His overall theoretical framework in analyzing extremism, religion, society, language and other political and economic issues are mostly informed by meta-narrative of liberalism. It is the point where he seems to jettison relativity of anthropological perspective and sticks to theoretical unity of universal discourse of meta-narrative of liberalism. This perspective helps him greatly in identifying the perils of merging religion with politics, but at the same time restricts him to take stock of the situation from perspectivalism. Over reliance on universal model of liberalism bars him from examining the local dynamics that defy the theoretical unity of meta-narratives. This simplistic solution for complex issues is obvious in the assumption among liberal class that when people quit religion, the situation will become normal automatically. However, the fact is that the local power relations and social structures remain intact and tend to adjust easily in new power dispensation and structural changes where religion does not have any role. Until now religion has expressed itself through cultural attitude and lenses. Modern radical Islam has increasingly destroy that space for local narrative of religion. Overall, local perspective is missing in the chapter related to terror and war on terror.
Zubair Torwali is at his best when it comes to his forte – minority languages and indigenous cultures. The suffix in his name derives from Torwali, which is one of the minority languages in Pakistan. This is basically an oral language. Therefore, the contours of Torwali culture has all the bearings typical of oral culture. At the same time, it faces the same challenges that are normally faced by oral cultures that have to make transition from orality to literacy, which is a symbol of modernity as modern structure of state, its machinery and processes are based on the culture of compilation not on spoken word. Torwalis, like other minority language communities, are facing the full blown attack of modernity. The challenges are compounded because they do not have a say in decision and policy making bodies in Pakistan to decide about their fate. As a corollary, the historical and collective memory along with indigenous knowledge is rapidly vanishing among Torwals.
In a highly globalized world of today small cultures face future shock if they are not equip with required tricks of the trade. Exposure of such cultures to highly advanced societies with economic prowess and cultural industry, creates a fear of vanishing from the face of the earth. A day is well-nigh when our world will turn into graveyard of languages. Zubair’s efforts to bring the issues of vanishing languages and cultures into the centre stage of identity discourse in Pakistan through practice and pen are laudable. He realizes the perils of losing a culturally rooted worldview and language. His views and suggestions for the preservation of minority languages speak for his empathy and understanding the local dynamics that are changing under the pressure of modernization and globalization. Being a speaker of a Dardic language in Gilgit-Baltistan, I feel intellectual and existential affinity with Zubair’s views and plans regarding language rights and preservation.
However, the book suffers from flaws that makes it a difficult read. It seems that no attempt was made by the publisher to transform wittings about current affairs into a book shape. The title of book on title page provides main title, whereas the inner page provides subtitle. In addition, price of the book is not mentioned. Overall the design, layout and separation of chapters does not follow the standard rules of book.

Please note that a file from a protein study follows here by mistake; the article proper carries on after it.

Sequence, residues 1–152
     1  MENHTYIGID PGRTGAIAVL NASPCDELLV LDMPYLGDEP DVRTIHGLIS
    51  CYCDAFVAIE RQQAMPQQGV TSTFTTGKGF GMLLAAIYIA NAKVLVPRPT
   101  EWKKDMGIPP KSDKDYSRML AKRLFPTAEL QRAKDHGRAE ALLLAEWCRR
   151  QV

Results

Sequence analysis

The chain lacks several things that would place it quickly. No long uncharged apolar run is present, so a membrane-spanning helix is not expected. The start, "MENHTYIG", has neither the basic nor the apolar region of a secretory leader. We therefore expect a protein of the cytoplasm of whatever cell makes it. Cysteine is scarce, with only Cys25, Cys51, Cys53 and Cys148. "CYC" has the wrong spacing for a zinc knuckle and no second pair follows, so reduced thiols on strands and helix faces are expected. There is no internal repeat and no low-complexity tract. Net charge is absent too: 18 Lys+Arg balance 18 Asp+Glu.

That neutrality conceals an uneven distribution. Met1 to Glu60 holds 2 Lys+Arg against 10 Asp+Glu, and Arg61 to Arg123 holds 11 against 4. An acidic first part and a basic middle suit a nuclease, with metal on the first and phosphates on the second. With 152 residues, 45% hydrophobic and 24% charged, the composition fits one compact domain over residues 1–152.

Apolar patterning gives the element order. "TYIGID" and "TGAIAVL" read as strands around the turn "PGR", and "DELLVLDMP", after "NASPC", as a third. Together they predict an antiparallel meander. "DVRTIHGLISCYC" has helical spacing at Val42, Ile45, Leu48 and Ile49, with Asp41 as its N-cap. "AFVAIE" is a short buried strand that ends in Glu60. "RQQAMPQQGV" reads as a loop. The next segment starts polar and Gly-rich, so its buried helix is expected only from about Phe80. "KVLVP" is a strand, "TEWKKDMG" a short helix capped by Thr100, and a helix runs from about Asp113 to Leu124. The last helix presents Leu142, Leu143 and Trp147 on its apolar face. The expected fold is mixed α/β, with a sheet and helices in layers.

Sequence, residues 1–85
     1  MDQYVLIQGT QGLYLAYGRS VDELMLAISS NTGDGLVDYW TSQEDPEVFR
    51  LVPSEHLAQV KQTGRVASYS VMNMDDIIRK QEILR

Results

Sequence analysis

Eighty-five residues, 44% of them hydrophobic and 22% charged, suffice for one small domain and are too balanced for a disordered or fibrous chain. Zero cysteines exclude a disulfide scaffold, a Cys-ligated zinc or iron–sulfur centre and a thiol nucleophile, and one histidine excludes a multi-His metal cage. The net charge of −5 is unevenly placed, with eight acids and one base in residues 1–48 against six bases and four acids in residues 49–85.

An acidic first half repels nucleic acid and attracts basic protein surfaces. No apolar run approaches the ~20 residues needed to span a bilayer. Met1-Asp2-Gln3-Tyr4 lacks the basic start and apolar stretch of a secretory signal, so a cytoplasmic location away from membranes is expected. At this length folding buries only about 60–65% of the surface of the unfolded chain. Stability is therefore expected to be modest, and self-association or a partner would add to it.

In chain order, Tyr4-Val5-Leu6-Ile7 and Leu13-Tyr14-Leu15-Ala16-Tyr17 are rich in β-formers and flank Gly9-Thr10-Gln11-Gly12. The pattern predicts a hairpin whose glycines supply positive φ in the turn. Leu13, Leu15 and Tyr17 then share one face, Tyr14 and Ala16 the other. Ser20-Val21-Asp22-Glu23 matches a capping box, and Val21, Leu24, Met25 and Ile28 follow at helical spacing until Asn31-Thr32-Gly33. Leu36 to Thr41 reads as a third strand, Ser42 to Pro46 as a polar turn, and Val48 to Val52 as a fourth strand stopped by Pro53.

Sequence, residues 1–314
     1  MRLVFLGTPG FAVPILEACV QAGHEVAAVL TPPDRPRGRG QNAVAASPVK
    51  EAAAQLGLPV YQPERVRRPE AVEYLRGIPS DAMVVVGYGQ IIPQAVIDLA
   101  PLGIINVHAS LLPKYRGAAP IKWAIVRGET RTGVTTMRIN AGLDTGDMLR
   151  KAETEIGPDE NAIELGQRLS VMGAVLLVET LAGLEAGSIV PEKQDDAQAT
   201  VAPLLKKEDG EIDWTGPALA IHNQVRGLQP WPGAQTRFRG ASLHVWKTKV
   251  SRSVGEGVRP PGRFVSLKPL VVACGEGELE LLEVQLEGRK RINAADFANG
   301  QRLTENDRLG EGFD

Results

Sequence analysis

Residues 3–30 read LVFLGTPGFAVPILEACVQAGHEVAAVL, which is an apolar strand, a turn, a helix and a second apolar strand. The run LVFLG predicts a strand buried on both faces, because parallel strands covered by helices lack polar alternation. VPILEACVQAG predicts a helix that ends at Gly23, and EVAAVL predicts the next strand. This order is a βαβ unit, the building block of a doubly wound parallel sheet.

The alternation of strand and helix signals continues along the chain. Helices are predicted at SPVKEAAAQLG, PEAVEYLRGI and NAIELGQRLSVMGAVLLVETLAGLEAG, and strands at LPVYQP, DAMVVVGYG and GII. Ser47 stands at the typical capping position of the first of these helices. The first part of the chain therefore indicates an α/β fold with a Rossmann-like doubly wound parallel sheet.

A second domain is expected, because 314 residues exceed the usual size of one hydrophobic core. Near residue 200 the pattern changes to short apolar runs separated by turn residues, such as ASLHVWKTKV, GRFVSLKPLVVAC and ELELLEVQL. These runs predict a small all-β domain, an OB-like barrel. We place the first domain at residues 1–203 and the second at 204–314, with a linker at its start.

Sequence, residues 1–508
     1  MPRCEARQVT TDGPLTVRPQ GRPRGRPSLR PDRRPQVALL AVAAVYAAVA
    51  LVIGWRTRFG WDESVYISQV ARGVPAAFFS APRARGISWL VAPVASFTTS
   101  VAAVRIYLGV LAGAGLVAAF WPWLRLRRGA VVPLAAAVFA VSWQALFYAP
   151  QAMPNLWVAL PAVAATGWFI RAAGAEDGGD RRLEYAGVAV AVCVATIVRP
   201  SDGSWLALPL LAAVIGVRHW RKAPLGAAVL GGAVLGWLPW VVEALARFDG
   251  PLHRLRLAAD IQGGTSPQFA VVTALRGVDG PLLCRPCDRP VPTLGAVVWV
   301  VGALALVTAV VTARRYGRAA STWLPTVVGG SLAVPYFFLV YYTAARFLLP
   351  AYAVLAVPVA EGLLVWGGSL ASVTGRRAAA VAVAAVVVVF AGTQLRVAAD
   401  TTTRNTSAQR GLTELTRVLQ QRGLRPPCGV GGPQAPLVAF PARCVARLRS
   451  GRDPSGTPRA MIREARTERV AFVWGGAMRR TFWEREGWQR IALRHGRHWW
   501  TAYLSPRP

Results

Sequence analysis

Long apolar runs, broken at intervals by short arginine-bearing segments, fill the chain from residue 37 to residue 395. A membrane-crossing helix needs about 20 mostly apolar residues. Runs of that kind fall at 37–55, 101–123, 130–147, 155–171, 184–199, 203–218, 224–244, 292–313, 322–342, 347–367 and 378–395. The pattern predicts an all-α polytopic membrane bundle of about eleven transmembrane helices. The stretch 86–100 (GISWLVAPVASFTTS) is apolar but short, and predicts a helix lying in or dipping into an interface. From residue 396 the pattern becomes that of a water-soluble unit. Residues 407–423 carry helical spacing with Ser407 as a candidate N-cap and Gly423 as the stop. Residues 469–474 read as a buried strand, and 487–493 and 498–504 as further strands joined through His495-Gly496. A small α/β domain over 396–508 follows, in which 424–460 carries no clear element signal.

The book is comprised of three parts. It would have been better if the writer could had provided readers a brief introduction of each sections so that the readers could situate the debate in its proper context. There is no doubt that a lot of thought went into the writing of the articles and papers that are compiled in the book, but less time and mind has been invested at the stage of compilation. With some exceptions most of the articles in the book were written for newspapers. That is why the diction and analysis at time lack academic vigor. This shortcoming would have been addressed if an effort had been made by the writer to provide academic references for the allusions to ideas, events and personalities he makes in different passages of the book.
A general reader of newspaper reads articles about current affair in a particular time and space, but for a book reader it needs elaboration, exact reference to events, dates and context because unlike newspaper book has longer shelf life. All these are missing in the book. The reader gropes in facts and statements without context. In addition, a serious book reader is never serious about abbreviations that are peppered throughout the book. It creates a hurdle in understanding the argument. Similarly, no effort has been made to provide index. Owing to this the reader trawls through pages to search for the entry she/he want to know.
Overall it is a good effort by Zubair Torwali to bring the suppressed, muffled and marginalized voices to the limelight of intellectual discourse in the country. The kind of history we have manufactured and the narrative of identity we have constructed have failed to coalesce multiple identities under single rubric of nation. In Pakistan there is a dire need to rehabilitate peripheral voices on the pages of history and intellectual discourse. Only by getting rid of monolithic and manufactured identities and discourses, we can be able to rehabilitate the unheard voices on national landscape. Zubair Towarli’s book “Muffled Voice” is a loud protest and scream of a muffled voice against the structural violence meted out by the power centres and actors to the communities inhabiting the margins of national history and narrative.
The writer is a freelance columnist with educational background in philosophy and social science. Email: email@example.com